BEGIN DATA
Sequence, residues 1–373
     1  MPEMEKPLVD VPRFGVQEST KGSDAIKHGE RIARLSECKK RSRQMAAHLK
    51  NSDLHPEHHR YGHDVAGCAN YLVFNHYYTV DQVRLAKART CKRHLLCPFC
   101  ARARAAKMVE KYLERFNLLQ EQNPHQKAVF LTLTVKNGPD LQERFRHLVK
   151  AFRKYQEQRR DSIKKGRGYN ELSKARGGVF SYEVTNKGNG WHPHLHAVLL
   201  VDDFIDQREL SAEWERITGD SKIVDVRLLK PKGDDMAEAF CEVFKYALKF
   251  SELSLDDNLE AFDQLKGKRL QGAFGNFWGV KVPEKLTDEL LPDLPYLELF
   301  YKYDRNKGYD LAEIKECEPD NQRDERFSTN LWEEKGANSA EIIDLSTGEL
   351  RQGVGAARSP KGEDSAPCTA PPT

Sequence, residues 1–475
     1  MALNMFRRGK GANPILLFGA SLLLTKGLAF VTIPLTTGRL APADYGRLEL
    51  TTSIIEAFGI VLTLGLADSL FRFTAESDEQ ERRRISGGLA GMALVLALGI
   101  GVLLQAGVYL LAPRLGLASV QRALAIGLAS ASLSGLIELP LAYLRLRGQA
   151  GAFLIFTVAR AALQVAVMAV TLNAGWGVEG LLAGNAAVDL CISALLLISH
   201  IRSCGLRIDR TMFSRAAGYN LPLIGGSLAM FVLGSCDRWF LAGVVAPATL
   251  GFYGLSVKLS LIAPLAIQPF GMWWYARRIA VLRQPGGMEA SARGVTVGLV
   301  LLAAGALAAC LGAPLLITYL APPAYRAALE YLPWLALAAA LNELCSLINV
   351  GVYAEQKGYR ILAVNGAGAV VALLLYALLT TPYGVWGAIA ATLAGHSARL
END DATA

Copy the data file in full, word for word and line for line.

Sequence, residues 1–373
     1  MPEMEKPLVD VPRFGVQEST KGSDAIKHGE RIARLSECKK RSRQMAAHLK
    51  NSDLHPEHHR YGHDVAGCAN YLVFNHYYTV DQVRLAKART CKRHLLCPFC
   101  ARARAAKMVE KYLERFNLLQ EQNPHQKAVF LTLTVKNGPD LQERFRHLVK
   151  AFRKYQEQRR DSIKKGRGYN ELSKARGGVF SYEVTNKGNG WHPHLHAVLL
   201  VDDFIDQREL SAEWERITGD SKIVDVRLLK PKGDDMAEAF CEVFKYALKF
   251  SELSLDDNLE AFDQLKGKRL QGAFGNFWGV KVPEKLTDEL LPDLPYLELF
   301  YKYDRNKGYD LAEIKECEPD NQRDERFSTN LWEEKGANSA EIIDLSTGEL
   351  RQGVGAARSP KGEDSAPCTA PPT

Sequence, residues 1–475
     1  MALNMFRRGK GANPILLFGA SLLLTKGLAF VTIPLTTGRL APADYGRLEL
    51  TTSIIEAFGI VLTLGLADSL FRFTAESDEQ ERRRISGGLA GMALVLALGI
   101  GVLLQAGVYL LAPRLGLASV QRALAIGLAS ASLSGLIELP LAYLRLRGQA
   151  GAFLIFTVAR AALQVAVMAV TLNAGWGVEG LLAGNAAVDL CISALLLISH
   201  IRSCGLRIDR TMFSRAAGYN LPLIGGSLAM FVLGSCDRWF LAGVVAPATL
   251  GFYGLSVKLS LIAPLAIQPF GMWWYARRIA VLRQPGGMEA SARGVTVGLV
   301  LLAAGALAAC LGAPLLITYL APPAYRAALE YLPWLALAAA LNELCSLINV
   351  GVYAEQKGYR ILAVNGAGAV VALLLYALLT TPYGVWGAIA ATLAGHSARL